Make me your Homepage
left corner left corner
China Daily Website

Nationwide good Samaritan law needed

Updated: 2014-01-17 18:00
By Harvey Dzodin (

Yet another negative story out of China has gone viral and made headlines, doing no good to China's image. Once again it concerns an elderly person allegedly making accusations against someone who claims to have gone to his aid.

According to news reports, Wu, a lowly rubbish collector, was on his motorcycle when he saw an old man lying in the road. Wu rushed to the man's his aid, got into a quarrel, and then with the help of a local resident, took him to the hospital and paid his medical bills. For his trouble, the old man's family turned on him and accused him of causing the old man's injuries. They demanded he pay compensation.

What proof was offered by the old man's family?

His eldest daughter said that if Wu "hadn't hit my father with his motorbike, why would he be so kind and take my dad to the hospital and pay for his medical expenses". Sadly judges have used the same logic to convict well-meaning good Samaritans in the past.

In the end Wu killed himself. His wife said he did so to prove his innocence.

While we may never know the real story, it's clear that this incident, only one in a long line of similar ones in which either a good Samaritan is ordered to pay compensation or in which a crowd of people gather around a person in distress, doing nothing more than perhaps gawking or snapping pictures to post on WeChat, is sullying China's image.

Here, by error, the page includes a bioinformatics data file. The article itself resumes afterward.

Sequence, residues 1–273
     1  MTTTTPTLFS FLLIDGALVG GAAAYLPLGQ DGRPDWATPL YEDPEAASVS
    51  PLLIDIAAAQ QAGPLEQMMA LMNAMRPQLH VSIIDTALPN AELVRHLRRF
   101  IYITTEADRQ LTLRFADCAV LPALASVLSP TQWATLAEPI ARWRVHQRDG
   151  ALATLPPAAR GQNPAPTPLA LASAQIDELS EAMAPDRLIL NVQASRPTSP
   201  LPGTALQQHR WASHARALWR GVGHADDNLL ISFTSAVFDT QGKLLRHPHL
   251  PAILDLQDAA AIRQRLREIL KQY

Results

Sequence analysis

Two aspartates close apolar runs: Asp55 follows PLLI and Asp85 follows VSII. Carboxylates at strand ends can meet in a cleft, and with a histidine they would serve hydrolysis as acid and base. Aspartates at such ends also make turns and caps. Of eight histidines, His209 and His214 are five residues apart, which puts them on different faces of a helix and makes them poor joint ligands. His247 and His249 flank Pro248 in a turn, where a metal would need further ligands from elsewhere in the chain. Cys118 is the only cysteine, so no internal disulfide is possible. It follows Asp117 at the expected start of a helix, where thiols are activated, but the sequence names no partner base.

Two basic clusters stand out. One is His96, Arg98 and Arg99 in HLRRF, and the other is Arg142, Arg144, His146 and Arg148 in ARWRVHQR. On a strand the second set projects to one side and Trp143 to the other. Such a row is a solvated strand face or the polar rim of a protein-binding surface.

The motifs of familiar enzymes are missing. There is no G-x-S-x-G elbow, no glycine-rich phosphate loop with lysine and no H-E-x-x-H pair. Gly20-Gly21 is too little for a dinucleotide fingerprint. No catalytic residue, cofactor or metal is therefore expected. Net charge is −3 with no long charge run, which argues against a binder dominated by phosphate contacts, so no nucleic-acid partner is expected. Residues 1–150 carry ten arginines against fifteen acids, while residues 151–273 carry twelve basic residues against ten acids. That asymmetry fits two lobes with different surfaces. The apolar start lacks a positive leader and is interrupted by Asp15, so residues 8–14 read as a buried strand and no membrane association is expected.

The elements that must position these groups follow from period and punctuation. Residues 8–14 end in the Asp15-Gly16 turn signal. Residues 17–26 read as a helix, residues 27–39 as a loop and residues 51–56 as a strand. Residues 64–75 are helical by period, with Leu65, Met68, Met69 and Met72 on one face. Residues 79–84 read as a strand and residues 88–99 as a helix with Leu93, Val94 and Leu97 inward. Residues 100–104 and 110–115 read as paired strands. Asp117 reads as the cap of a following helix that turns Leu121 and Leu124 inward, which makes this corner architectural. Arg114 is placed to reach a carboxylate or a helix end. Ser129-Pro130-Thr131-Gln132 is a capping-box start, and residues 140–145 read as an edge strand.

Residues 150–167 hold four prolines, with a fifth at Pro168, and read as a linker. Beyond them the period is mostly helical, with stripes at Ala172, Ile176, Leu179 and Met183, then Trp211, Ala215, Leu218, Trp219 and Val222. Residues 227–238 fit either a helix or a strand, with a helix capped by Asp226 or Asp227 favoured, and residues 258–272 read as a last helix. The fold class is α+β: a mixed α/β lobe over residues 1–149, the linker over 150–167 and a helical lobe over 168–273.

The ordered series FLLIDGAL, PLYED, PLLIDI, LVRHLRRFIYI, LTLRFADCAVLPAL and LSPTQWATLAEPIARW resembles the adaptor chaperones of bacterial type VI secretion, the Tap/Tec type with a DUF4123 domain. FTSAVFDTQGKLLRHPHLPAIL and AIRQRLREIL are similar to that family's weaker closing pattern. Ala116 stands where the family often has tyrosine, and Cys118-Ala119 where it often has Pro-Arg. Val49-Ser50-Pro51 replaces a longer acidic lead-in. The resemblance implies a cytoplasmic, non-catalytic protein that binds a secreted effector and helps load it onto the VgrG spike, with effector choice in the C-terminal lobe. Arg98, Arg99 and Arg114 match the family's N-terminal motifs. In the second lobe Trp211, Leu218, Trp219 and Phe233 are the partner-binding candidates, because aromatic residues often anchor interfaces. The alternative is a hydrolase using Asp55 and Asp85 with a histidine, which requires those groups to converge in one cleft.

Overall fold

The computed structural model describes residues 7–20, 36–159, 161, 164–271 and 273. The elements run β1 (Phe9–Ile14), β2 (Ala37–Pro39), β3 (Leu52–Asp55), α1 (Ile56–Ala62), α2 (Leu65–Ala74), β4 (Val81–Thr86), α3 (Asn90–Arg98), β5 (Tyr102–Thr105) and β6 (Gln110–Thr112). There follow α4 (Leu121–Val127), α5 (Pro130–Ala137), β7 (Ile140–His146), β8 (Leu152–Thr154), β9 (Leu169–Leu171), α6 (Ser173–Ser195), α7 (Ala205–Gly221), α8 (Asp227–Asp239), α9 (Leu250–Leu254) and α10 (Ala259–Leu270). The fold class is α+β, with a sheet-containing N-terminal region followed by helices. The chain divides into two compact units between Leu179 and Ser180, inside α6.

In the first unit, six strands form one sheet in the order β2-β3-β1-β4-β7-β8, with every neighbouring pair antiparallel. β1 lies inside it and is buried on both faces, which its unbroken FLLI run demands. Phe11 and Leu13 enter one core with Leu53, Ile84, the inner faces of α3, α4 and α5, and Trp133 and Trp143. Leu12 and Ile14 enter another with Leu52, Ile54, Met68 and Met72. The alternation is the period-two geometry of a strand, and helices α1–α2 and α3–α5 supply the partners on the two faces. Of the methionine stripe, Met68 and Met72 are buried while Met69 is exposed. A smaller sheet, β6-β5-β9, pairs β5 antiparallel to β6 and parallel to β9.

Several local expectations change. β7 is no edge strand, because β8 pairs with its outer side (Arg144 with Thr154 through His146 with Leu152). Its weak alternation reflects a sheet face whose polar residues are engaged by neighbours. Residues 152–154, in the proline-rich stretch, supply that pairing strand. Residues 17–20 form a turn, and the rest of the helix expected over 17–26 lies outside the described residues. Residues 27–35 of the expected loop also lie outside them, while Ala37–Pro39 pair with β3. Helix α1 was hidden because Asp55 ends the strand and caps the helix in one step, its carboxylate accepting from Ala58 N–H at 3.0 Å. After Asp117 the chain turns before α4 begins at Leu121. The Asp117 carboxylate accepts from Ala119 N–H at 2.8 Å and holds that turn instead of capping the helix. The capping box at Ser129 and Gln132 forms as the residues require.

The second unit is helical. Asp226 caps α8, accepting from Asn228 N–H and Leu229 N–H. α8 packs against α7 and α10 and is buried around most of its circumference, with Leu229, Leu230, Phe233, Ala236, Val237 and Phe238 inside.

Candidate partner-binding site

But what would you do? I know that because of such incidents, as much as I wanted to help, I would sadly refrain from doing so.

Yet what is sad about this situation and others like it, is how easily they could be avoided.

The answer to this moral dilemma can be found just down the road from where this tragedy occurred in the city of Shenzhen.

Because of many similar incidents, Shenzhen's leaders decided to study what other nations did in similar circumstances. Shenzhen's Good Person's Law took effect in August. It generally shields good Samaritans from being held liable when coming to the aid of others, as it puts the burden of proof on the person who was injured, and severely penalizes those who are found falsely claiming to have been injured by the good Samaritan.

Had this incident been subject to the same law, the old man would have had to prove that Wu caused the accident in order to claim compensation.

Perhaps the rest of the country should copy Shenzhen's example, as only when false accusers are penalized and punished will people be able to come to the aid of others without fear of being wrongly accused.

As we look forward to the Year of the Horse, let's hope that it will be the one in which a nationwide good Samaritan law is introduced. Only when judges throw the book at these con artists, who curb people's instinct to do good, will people be able to help others knowing that not only will they not be dragged into a nightmare of false accusations, but they will also be helping those in genuine need.

The author is a senior adviser to Tsinghua University and former director and vice-president of ABC Television in New York.